Designer Spotlight: Eric M. Lang

Eric M. Lang has risen to fame in recent years and has become a very hot property.  His game releases always generate a lot of buzz in the industry.  So much so, in fact, that CMON have employed him as their Director of Game Design.

He is known for big Ameritrash games.  In case you’re not familiar with the term Ameritrash, just realise that it isn’t derogatory in any way: I love Ameritrash games.  They’re typically games that have huge dollops of theme.

I like clever mechanisms as much as the next guy, but sometimes you just want to lose yourself in an engaging theme and chuck some dice.  If that’s you, then Eric M. Lang’s games will be right up your street.


Eric M. LangName: Eric M. Lang

Age: 45

Nationality: Canadian

Year of first published game: 2000

Highest ranked game on BGG: Blood Rage

Known for:

A Game of Thrones: The Card Game with Nate French, Christian T. Petersen (2008)

Chaos in the Old World (2009)

Quarriors! with Mike Elliott (2011)

Star Wars: The Card Game (2012)

Kaosball (2014)

Arcadia Quest with Thiago Aranha, Guilherme Goulart, Fred Perret (2014)

Marvel Dice Masters with Mike Elliott (2014)

Blood Rage (2015)

XCOM: The Board Game (2015)

Arcane Academy with Kevin Wilson (2016)

The Others (2016)

Bloodborne: The Card Game (2016)

The Godfather: Corleone’s Empire (2017)

Selected Awards:

2013 Origins Best Family, Party or Children’s Game (Quarriors!)

2015 Origins Vanguard Award (Marvel Dice Masters)

2015 Dice Tower Best Strategy Game (Blood Rage)

2016 Kennerspiel des Jahres “Recommended” (Blood Rage)

2016 Diana Jones Award for Excellence in Gaming


As well as Ameritrash games, Eric M. Lang has also developed a significant number of collectible games.  Some of them follow the CCG model where the booster packs have semi-random contents and some of them follow the LCG model where the expansion packs contain a set collection of cards (which I much prefer).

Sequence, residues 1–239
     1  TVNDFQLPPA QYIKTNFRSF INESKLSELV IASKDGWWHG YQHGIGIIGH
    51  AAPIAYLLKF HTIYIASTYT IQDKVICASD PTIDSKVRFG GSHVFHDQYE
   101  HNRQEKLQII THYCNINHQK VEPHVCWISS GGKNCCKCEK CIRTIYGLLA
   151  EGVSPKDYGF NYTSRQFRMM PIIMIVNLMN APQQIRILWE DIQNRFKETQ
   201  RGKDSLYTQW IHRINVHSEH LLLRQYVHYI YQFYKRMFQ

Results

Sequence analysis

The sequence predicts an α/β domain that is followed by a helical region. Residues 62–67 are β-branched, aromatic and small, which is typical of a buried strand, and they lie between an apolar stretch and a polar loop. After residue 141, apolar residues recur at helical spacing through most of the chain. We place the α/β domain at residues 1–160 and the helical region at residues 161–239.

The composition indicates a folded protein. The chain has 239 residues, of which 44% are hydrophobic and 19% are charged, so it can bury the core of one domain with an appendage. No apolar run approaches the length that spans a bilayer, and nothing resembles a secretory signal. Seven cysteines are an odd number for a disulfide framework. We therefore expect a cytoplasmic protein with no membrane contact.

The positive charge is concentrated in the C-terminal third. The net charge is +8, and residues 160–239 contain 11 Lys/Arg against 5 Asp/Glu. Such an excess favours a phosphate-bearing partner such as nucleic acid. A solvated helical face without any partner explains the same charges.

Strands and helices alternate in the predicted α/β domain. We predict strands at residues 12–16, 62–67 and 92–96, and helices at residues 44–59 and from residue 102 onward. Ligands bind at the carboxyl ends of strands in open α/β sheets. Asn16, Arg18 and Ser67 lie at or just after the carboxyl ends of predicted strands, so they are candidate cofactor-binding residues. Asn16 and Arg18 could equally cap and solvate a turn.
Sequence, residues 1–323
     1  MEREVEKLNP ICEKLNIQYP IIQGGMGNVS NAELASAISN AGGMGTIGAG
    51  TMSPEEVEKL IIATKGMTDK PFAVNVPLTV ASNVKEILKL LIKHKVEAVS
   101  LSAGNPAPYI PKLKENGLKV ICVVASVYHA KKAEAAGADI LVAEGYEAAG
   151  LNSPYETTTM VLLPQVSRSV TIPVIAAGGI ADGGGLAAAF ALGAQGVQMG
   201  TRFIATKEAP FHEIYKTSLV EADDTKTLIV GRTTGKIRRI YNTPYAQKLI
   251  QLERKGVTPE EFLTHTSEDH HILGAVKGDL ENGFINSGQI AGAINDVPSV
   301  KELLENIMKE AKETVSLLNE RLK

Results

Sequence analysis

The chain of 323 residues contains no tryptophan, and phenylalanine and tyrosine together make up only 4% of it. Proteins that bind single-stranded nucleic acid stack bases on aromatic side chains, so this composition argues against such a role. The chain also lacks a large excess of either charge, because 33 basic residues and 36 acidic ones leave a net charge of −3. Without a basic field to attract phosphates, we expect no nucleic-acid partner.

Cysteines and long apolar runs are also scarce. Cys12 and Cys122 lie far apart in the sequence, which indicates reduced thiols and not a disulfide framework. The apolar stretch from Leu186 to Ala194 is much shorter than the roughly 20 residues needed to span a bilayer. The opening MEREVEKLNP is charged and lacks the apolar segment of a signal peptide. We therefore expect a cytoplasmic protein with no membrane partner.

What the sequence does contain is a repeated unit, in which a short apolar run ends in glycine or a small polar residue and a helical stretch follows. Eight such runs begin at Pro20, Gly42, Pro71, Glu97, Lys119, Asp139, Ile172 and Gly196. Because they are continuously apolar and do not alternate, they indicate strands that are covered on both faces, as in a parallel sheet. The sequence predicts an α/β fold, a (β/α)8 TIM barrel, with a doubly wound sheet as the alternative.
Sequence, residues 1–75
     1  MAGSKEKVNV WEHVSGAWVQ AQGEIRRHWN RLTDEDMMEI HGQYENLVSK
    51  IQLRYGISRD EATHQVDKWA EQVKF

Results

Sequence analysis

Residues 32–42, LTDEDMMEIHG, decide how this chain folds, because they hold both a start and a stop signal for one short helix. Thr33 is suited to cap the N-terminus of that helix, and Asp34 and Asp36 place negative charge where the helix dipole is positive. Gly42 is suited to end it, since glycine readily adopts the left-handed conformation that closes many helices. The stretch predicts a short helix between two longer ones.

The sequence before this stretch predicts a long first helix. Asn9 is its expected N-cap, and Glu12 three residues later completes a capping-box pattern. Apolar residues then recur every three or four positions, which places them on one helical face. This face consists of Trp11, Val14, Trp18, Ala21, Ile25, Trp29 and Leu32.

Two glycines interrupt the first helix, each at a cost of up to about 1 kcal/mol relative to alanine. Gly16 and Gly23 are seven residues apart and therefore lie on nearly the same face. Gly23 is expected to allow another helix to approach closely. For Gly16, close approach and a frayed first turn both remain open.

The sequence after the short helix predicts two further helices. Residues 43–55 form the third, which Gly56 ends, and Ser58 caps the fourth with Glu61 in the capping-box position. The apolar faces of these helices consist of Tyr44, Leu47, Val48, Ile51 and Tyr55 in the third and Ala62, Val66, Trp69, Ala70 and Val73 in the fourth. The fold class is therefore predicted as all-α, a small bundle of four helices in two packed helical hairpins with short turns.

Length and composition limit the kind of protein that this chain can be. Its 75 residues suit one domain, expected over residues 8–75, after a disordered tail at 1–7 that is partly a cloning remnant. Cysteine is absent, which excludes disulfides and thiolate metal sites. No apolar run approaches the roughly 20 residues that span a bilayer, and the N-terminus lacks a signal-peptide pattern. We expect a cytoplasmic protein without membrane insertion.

While I can’t deny that Eric M. Lang has developed some great games and incorporated some ingenious ideas, I find his track record to be a bit spotty personally.  Some of his games are a lot better than others.

While always incorporating lots of theme in his games, he has nevertheless developed a fairly wide range of games.  I’ve tried to select three games that give an indication of the breadth of his style.


Marvel Dice MastersMarvel Dice Masters

Players: 2

Time: 60 mins

Marvel Dice Masters owes a lot to Quarriors! (the exclamation mark is part of the name), which was also designed by Eric M. Lang in conjunction with Mike Elliott.  Quarriors! did something pretty original off the back of the deck building idea, made famous by Dominion.

It was a ‘bag builder’: the idea being that you draw dice from a bag each turn (instead of cards from a deck) and you can use those dice to buy more dice (that get added to your bag) and ultimately use those dice to fight the other players.

It featured lots of custom dice and while the game was a bit clunky and the quality of the dice was mediocre at best, it really made an impact.  It just felt very different from any other game.

Marvel Dice Masters took that idea and combined it with the duelling mages idea (think Magic: The Gathering), but set in the Marvel superheroes universe.  It was a stroke of genius.

It was massively popular when it was first released and sold out pretty much everywhere.  Wizkids (the publisher) couldn’t reprint it fast enough.  It was essentially a CCG: after you had bought a base set, you had to buy booster packs that might have rare or super-rare dice in them.

The game itself was really solid and I played it a lot with my son when it was first released.  The theming was great.  Each dice represented a superhero and when you rolled your dice, some of the sides had energy on and some of them had the actual hero.

You had to spend the energy from some of your dice to play the heroes you rolled on the other dice.  Sometimes you had too much energy and not enough heroes and sometimes you had too many heroes and not enough energy to pay for them all.  It provided lots of difficult tactical decisions.

There was a changing meta-game as people experimented with different combinations of characters and an ongoing tournament scene.  I burned out pretty quickly on the CCG nature of the game, but there was lots to like.

Blood Rage Box FrontBlood Rage

Players: 2 – 4

Time: 60 – 90 mins